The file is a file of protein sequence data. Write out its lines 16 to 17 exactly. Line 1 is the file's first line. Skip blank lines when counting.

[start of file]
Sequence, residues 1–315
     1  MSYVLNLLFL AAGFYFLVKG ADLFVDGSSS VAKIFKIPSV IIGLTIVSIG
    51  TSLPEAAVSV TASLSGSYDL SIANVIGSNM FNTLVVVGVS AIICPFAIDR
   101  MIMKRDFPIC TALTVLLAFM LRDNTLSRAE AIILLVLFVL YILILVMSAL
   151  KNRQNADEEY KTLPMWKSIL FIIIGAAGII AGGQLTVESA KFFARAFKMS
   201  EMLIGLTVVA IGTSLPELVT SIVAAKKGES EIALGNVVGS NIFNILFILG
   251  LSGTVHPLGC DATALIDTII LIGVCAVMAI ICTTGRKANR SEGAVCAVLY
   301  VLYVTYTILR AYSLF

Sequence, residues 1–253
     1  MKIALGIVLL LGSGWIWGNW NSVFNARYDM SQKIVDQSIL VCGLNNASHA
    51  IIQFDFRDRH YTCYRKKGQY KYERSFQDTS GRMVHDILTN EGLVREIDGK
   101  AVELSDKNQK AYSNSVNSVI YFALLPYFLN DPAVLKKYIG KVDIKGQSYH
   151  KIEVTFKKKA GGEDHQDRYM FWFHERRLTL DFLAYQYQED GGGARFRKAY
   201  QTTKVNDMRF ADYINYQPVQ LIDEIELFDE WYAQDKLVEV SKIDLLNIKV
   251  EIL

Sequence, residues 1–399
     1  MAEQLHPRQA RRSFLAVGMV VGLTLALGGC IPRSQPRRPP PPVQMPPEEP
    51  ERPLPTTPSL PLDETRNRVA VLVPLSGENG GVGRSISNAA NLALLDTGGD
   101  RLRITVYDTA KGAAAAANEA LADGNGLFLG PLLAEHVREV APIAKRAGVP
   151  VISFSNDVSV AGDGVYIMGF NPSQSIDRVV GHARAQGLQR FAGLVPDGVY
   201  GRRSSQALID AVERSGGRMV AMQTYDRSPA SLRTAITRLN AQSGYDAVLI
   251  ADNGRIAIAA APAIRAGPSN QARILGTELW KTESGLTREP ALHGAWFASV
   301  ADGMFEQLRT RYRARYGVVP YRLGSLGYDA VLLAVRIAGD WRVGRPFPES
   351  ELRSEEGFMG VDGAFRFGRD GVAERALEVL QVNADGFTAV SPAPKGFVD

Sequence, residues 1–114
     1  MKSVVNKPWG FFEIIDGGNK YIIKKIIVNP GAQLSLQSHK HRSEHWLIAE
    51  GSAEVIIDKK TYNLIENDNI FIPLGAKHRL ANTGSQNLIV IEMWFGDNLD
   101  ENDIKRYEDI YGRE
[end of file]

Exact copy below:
Sequence, residues 1–399
     1  MAEQLHPRQA RRSFLAVGMV VGLTLALGGC IPRSQPRRPP PPVQMPPEEP